Keeping Up with Indiana Private Schools of Choice

Keeping Up with Indiana Private Schools of Choice

Indiana could be considered the “pace car” in the private school choice race among states. But as any racing fan will know, not all tracks are the same, which is why the Friedman Foundation launched its School Survey Series to examine states’ private education sectors, starting with Indiana.

Exploring Indiana’s Private Education Sector synthesizes information collected in two unique surveys of Indiana private schools. One was conducted by the U.S. Department of Education, the other by the Indiana Non-Public Education Association (INPEA) and the Friedman Foundation.

The following sections represent the surveys’ key findings and implications for policymakers, service providers, and other states.

Availability of School Choice

With 29,146 enrolled students, it took just four years for Indiana’s school voucher program to become the nation’s largest. By comparison, 14 years into Florida’s sizeable statewide voucher program for students with special needs, around 28,000 children are enrolled. As Exploring Indiana shows, it is likely the state’s school choice usage will not subside anytime soon.

According to the INPEA/Friedman Foundation survey, there were at least 21,304 empty seats in voucher-accepting private schools in the 2013-14 school year. Even more notable, that’s among just the 33 percent of the state’s private schools registered to participate in the voucher program in 2014-15. Approximately 652 Indiana private schools are not registered to enroll voucher students.

Figure-1-Exploring-Indiana
Such a gap raises several questions:

  1. Are private schools marketing their availability to area families?
  2. Are there families who would like to fill those seats but are unable to because of the voucher program’s limited eligibility guidelines (lower-income households only)?
  3. Are the voucher program’s academic-intensive regulations discouraging the majority of private schools from participating?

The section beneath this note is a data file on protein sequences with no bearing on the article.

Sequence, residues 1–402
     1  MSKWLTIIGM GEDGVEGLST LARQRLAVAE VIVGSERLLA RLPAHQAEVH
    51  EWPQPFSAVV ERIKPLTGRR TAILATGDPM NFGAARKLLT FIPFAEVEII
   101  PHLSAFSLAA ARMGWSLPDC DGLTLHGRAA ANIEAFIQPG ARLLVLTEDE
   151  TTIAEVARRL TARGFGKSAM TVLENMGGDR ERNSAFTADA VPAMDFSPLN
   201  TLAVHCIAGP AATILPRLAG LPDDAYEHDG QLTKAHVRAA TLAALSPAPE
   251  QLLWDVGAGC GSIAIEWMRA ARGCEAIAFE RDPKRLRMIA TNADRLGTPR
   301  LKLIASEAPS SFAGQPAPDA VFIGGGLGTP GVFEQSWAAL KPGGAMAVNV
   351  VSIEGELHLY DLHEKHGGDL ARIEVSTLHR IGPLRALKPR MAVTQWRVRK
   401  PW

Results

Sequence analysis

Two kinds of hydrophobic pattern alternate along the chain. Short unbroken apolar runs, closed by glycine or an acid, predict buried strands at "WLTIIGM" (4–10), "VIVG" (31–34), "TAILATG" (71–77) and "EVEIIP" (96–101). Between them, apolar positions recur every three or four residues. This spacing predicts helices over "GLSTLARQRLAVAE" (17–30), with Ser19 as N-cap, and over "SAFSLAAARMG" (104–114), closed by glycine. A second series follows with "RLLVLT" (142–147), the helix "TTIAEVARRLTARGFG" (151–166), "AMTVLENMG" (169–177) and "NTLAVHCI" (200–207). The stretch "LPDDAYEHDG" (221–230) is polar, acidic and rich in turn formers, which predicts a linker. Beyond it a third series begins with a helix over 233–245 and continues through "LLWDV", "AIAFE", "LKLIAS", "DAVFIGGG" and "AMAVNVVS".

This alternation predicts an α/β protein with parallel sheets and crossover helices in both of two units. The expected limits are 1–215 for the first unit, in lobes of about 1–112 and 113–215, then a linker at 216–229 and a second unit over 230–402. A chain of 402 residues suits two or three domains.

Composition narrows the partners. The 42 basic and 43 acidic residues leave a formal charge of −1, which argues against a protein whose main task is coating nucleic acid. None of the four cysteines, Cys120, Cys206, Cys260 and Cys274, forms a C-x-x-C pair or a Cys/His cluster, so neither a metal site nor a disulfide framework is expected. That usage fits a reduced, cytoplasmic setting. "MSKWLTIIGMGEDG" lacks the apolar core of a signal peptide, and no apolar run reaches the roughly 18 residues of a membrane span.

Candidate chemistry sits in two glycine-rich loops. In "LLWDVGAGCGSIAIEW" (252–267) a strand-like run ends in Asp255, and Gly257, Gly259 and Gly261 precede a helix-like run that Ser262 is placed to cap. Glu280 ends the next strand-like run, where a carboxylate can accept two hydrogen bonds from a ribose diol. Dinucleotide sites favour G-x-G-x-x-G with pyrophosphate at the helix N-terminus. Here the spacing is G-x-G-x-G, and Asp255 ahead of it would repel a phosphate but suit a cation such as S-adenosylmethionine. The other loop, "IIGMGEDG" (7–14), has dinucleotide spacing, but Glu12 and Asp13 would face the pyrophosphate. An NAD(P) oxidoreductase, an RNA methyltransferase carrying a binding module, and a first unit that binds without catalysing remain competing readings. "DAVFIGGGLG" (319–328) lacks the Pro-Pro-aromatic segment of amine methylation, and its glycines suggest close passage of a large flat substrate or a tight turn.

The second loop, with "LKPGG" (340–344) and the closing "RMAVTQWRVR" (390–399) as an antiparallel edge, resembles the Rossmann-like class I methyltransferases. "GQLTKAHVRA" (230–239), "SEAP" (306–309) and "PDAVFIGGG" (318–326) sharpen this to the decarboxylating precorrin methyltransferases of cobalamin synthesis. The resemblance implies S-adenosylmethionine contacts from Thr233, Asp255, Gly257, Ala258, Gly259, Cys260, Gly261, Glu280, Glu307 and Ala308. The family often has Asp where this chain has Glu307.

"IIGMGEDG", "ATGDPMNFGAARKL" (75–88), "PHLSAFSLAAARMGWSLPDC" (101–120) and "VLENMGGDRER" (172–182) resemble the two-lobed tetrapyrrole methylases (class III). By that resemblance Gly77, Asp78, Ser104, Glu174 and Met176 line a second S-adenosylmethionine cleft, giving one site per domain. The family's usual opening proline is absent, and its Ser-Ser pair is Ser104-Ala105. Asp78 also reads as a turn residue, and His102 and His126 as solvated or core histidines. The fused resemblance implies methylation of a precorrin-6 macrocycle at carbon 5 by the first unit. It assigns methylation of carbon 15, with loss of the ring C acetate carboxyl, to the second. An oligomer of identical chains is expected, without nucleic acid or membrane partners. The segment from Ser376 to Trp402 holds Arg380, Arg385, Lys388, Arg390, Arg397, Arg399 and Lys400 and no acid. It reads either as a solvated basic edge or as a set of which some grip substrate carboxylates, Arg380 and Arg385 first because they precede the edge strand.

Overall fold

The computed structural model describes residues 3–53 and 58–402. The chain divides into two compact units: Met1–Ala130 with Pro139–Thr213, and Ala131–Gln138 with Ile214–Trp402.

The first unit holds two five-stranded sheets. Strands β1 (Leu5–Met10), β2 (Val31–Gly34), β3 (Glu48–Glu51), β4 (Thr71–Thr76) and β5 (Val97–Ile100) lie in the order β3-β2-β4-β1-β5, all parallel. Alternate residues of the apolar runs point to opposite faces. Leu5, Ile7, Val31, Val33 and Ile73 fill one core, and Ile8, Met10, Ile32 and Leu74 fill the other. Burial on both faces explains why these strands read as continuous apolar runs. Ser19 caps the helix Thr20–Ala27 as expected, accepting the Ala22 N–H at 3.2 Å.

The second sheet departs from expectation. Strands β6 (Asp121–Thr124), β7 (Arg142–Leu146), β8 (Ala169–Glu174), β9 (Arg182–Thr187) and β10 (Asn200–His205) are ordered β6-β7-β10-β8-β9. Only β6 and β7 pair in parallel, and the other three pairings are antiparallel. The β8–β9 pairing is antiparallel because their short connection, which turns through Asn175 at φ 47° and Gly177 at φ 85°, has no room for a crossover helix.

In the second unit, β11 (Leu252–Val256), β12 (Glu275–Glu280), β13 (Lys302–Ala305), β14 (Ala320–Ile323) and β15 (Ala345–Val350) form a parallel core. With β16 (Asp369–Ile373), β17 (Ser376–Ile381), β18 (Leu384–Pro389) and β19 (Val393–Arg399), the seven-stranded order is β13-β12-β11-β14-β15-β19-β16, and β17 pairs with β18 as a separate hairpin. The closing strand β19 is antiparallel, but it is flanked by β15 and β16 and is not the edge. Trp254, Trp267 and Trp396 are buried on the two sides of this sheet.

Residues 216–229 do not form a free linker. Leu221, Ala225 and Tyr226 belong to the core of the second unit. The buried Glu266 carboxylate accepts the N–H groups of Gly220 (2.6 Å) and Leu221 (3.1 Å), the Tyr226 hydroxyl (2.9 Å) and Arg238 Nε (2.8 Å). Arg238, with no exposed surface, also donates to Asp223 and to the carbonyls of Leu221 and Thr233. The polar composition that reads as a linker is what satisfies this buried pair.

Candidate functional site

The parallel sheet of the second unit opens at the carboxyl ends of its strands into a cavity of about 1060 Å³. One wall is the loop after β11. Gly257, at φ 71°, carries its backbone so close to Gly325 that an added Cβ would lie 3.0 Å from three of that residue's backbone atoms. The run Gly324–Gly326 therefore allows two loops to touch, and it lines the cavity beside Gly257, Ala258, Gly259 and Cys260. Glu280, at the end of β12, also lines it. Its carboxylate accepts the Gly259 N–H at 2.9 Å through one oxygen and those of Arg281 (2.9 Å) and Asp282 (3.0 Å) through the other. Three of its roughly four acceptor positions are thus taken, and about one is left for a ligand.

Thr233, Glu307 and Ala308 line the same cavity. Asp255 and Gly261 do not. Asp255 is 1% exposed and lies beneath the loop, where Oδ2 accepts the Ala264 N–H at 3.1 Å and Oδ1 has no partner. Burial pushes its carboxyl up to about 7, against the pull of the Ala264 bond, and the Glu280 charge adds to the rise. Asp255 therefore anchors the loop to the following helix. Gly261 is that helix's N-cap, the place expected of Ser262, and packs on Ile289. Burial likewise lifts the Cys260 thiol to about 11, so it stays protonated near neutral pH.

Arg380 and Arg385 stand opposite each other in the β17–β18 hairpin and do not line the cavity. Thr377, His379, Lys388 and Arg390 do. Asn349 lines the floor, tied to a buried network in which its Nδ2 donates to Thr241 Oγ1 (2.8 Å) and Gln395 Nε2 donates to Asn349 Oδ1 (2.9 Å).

Comparisons to Public Schools

Opponents of school choice often claim private schools of choice do not serve students with special needs. The comparison is not always fair, given that public schools have much greater access to funds needed to serve such students. Regardless, suggestions that private schools, particularly voucher-accepting schools, do not educate children with special needs has been disproved, most notably in Florida. Data from Indiana also suggest private schools are up to this important task, even though only a small percentage of funds follow these students to their schools of choice.

  • Among Indiana voucher students, 8 percent were identified as having special needs. By comparison, 15 percent of Indiana public school students have special needs.
  • Among the private schools that responded to the INPEA/Friedman Foundation survey, 85 percent enrolled voucher students with special needs.

Private schools’ ability to serve myriad students is more extensive than some might realize. Indeed, as Indiana prepares to roll out its pre-kindergarten pilot program, Exploring Indiana found more private schools offer pre-kindergarten than public schools do, a number that has grown considerably over the years.

Exploring-Indiana-Figure-2

Opportunities for Growth

According to the U.S. Department of Education’s Private School Universe Survey (PSS), 91 percent of Indiana’s private schools are religious. Although this does not undercut the U.S. Supreme Court’s ruling that vouchers are constitutional—in that Indiana parents are not required to use the vouchers or to send their children to religious institutions—it does warrant a conversation on the diversity of schooling options.

School choice advocates are quick to note that some public school families want more varied educational settings. The same probably could be said among private school families.

To encourage more diversity in education offerings, Indiana—or any state for that matter—could start by equalizing school choice students’ funding to more closely mirror what they would have received in public school. Start-up education providers need adequate funds to open schools and pay teachers. Limiting children’s funds to 43 percent of their public school counterparts’ funding only limits the resources schools are able to provide. Moreover, that limitation actually favors existing schools of choice, many of which are religious, because of their financial histories, recognizable profiles, and stable donor base.

Next Steps—or Laps

As school choice continues to grow in Indiana, further analyses will be needed to better understand the private school sector—for which we know far too little. Exploring Indiana’s Private Education Sector is not the definitive checkered flag—far from it. Rather, it’s a guide to better understand those that joined this race and just how fast they’re going.

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